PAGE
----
Despite challenges, UNICEF and partners are supporting children back to learning
As a result of the conflict in northern Ethiopia, over 6,000 schools have been completely or partially damaged and looted – a grave violation of children’s rights.
As a result of all these deplorable acts, over 2.8 million children missed out on an education last year in Afar, Amhara and Tigray. But things are changing. Despite all the damage, some schools are reopening and UNICEF and partners are getting children back to where they belong – the classroom. After ensuring the school was cleared of mines, Mengi Primary School in Tigray reopened its doors to children in October 2021.
Upon returning to school, 14-year-old Zufan said: “During the fighting I was so scared and stressed. It was awful and I still have nightmares. But now, I am back in school with my friends. I am so happy to be learning especially maths, which is my favorite subject.”
Zufan is one of around 400 students that this school is catering for. Before the conflict, there were 800 students enrolled in the school but due to the damage, lack of supplies and cash to pay teachers’ salaries, only half of the students from Grade 6 to 7 are able to return.
13-year-old Gebrearegay’s favorite subject is science. “It’s an easy subject for me and I am happy to be in class,” he said with a big smile. “When I grow up, I want to be a teacher and help the younger generation, so they feel hope for their future.”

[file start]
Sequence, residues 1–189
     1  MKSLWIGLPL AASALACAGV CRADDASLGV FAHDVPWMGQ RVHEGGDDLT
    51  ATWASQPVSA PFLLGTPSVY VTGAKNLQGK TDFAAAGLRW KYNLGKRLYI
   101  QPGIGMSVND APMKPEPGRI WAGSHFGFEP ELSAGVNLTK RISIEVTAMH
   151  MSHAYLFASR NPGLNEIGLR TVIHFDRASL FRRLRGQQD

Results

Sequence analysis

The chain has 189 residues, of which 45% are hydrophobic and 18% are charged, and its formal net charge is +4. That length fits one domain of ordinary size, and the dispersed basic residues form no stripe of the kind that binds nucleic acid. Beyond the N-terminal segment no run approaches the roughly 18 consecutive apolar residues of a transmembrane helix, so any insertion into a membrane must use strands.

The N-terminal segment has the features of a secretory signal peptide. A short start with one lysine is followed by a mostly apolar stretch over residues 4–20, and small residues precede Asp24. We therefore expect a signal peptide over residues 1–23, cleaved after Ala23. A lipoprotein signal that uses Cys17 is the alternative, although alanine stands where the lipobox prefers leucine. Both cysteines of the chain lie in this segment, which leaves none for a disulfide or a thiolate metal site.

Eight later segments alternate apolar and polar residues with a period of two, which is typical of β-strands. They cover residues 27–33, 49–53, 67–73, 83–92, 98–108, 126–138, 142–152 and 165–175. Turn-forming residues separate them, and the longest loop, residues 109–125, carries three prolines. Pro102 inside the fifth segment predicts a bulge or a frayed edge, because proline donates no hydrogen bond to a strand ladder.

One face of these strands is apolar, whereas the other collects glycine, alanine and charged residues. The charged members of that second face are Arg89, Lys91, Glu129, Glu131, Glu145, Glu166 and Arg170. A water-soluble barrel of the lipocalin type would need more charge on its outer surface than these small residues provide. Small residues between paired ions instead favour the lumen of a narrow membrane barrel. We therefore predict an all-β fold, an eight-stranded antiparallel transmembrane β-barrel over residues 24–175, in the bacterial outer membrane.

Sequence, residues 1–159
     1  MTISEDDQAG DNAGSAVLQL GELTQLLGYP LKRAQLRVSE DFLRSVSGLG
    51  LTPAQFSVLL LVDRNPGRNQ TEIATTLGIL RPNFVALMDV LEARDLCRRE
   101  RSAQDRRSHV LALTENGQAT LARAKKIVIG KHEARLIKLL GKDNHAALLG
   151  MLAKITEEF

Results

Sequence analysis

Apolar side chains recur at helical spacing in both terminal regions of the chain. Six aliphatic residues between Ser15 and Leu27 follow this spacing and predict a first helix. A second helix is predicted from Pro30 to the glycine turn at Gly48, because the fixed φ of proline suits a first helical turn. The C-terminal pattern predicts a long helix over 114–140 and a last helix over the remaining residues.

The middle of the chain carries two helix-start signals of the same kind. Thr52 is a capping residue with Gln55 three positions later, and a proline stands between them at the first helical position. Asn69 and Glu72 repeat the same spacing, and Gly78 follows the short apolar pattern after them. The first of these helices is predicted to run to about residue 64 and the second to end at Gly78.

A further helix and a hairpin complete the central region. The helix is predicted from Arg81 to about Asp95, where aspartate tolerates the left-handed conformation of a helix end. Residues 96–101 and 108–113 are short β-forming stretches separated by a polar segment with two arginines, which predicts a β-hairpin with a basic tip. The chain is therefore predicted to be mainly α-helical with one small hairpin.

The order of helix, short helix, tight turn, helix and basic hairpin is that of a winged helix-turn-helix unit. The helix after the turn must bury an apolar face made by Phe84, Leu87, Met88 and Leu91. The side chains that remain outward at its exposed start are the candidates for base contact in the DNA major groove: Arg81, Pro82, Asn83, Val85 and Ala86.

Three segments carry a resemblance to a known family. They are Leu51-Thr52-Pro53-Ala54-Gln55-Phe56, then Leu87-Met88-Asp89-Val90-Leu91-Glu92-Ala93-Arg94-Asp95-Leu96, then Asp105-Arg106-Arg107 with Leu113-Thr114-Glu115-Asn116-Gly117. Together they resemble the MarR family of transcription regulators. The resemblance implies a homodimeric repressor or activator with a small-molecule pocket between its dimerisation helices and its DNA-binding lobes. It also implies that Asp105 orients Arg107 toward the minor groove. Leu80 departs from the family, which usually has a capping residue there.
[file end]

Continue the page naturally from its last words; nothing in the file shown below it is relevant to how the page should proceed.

Deputy Principal, Tseruy Kahsay said: “While the school is still damaged, the children are just so happy to be here. It fills my heart with joy to see children learning and playing again.”
Last year, in northern Ethiopia, UNICEF and partners reached around 200,000 children living in conflict with educational support and we are supporting the rehabilitation of schools, providing furniture and scholastic materials so that children no longer miss out on their right to an education.
UNICEF prioritizes the restoration of formal schooling where possible and at the same time provides in emergency settings an integrated education-protection-skills programme called Bete/My Home. This programme ensures that children out of school undertake accelerated learning, that all children in the community benefit from psycho-social support and case management and that adolescents receive life skills.